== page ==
I like many things about being an academic librarian: the freedom to explore interesting and creative topics with students and other faculty; the latitude to create programs and programming; the thrill and excitement of instruction; creating new digital objects; constantly having to learn new things and methods. I could go on.
I also dislike a few things about being an academic librarian. LibGuides, for instance (sorry not sorry), are near the top of that list. Above all, though, I struggle with an element of work in academia that is not really unique to librarians — experiencing and savouring the sweet, sweet feeling of completion. What do I mean? Well, timelines in academia are often soft. An article can take months. A chapter often takes years. A policy paper is always under review. Digital humanities projects are always under development (until they’re not). In this context, the satisfaction that I get from signing, sealing, and delivering a project is often delayed. Sometimes I struggle with constantly being somewhere in the middle of things.
After several years of this I’ve come to terms with the realities of academic work. Since moving to Florida, I’ve tried to embrace hobbies that allow me complete things on the regular. That’s where coffee roasting and, more recently, soap making come in.
The satisfaction of both processes — beyond product quality and specific control over materials — is that at the end of the day you’ve produced something tangible and immediately useful or delicious. And while I wouldn’t dare suggest that utility should be the only element driving our work, I can understand those who subscribe to that way of thinking.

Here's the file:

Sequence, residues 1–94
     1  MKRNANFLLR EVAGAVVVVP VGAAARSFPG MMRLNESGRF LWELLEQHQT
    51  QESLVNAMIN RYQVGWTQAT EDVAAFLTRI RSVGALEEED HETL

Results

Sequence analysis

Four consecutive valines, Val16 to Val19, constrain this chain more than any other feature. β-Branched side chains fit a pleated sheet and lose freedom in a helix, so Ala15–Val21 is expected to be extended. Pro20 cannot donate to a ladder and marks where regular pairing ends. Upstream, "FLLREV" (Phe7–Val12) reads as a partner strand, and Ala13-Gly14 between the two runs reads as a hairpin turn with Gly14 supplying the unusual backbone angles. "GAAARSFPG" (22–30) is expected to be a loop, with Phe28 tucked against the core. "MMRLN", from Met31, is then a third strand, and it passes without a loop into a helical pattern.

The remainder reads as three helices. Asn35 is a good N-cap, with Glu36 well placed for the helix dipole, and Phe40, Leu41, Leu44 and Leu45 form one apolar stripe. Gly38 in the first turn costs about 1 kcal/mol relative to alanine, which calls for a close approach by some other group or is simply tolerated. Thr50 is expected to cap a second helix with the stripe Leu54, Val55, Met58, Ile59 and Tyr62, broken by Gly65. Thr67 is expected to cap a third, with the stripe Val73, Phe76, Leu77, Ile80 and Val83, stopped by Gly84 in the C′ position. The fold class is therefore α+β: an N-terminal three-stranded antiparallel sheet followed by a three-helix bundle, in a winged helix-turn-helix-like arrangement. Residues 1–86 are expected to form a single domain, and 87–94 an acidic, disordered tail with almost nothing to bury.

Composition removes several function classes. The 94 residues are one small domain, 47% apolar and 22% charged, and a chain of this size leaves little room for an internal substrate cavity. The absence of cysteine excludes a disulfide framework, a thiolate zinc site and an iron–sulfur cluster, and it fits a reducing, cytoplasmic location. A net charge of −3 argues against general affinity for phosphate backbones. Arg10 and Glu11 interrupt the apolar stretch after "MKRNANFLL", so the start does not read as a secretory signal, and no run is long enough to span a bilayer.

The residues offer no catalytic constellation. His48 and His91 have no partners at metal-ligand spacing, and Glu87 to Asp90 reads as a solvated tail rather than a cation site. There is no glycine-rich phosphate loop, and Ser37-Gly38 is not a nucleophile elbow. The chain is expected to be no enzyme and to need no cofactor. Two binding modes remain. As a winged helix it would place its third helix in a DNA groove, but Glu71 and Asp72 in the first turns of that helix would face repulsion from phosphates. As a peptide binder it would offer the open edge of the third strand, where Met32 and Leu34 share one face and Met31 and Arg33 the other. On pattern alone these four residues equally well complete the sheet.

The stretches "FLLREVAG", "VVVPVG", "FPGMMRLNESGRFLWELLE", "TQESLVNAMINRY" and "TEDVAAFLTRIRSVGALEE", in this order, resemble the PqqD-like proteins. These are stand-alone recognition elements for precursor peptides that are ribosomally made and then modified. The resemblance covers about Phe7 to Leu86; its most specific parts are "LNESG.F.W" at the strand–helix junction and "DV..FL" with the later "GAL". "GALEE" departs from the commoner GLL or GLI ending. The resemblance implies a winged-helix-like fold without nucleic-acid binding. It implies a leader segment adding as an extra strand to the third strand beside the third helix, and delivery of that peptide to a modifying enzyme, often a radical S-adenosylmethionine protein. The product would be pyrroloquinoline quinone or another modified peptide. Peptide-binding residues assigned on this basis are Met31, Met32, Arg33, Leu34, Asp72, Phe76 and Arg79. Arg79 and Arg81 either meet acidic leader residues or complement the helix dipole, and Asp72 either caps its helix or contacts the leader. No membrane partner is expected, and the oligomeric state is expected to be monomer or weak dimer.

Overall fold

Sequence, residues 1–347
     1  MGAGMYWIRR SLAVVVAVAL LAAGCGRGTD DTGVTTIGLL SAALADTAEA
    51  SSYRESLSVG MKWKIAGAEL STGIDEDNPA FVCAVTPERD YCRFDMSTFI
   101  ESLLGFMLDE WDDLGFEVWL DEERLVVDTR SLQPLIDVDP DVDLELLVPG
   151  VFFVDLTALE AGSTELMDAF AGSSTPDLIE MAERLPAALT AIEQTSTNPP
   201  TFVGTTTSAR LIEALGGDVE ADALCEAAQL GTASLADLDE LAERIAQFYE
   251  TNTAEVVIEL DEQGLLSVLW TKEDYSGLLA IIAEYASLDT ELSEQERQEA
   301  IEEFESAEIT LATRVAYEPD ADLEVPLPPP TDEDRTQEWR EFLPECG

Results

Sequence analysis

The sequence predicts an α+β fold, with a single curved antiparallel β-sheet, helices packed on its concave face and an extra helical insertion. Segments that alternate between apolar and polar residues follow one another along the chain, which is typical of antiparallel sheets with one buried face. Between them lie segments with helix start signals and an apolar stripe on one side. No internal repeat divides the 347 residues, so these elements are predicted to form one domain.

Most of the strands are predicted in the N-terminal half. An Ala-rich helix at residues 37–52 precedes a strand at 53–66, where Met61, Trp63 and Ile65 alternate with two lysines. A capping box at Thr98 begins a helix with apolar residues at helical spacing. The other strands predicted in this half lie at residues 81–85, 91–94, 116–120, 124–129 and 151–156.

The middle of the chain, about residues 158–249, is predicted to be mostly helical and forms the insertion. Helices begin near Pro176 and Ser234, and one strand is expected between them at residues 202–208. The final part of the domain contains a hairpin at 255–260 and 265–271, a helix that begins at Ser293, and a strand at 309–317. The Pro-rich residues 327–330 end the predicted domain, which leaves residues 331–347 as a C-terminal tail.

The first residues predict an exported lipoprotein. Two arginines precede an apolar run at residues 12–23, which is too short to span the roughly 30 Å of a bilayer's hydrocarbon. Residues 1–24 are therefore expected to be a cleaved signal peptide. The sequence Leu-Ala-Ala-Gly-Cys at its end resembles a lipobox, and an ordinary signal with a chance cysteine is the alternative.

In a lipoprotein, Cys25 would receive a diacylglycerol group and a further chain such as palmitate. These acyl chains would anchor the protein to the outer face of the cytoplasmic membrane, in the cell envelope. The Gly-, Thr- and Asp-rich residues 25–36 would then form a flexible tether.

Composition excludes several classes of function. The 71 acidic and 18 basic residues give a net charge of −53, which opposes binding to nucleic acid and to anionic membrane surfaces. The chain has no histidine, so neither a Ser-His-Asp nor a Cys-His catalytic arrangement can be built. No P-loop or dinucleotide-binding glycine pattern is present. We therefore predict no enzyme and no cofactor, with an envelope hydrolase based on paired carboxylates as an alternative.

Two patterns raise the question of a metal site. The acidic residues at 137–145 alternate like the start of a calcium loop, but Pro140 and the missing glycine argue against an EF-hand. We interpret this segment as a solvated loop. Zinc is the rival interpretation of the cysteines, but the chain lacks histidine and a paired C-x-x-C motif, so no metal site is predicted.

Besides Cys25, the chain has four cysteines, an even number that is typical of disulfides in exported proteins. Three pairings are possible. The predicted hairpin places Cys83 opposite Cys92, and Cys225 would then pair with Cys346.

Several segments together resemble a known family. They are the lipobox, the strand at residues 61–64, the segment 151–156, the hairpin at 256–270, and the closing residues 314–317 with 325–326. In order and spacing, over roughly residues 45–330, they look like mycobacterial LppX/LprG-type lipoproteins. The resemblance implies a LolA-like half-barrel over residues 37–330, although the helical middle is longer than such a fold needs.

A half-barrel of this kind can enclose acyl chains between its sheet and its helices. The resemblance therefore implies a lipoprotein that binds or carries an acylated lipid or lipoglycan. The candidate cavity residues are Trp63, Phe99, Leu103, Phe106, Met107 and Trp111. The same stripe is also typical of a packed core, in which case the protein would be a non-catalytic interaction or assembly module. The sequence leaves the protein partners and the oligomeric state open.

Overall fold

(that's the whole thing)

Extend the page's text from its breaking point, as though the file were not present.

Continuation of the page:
In college I worked at a mold injection plant that manufactured plastic components, mainly for the automotive sector. As much as I disliked the monotony and the pressure to produce as efficiently as possible, I appreciated the feeling of completing a certain number of things in a certain amount of time. “Look at all these full pallets. I made those.” When I was asked recently to describe what I would likely be doing if I wasn’t an an academic librarian, as cliché as it sounds, I described my ideal work environment as a coffee roastery (if I’m being honest I was imagining Square Mile Coffee Roasters as I spoke). There’s just something very romantic about the idea of taking great care in creating something of quality and value, and then sharing that product with another human being.
And for the very same reasons, I’ve recently fallen for soapmaking. You can follow along with all of these shenanigans at our fake company’s instagram: over here.
2020-02-24 19:00 -0500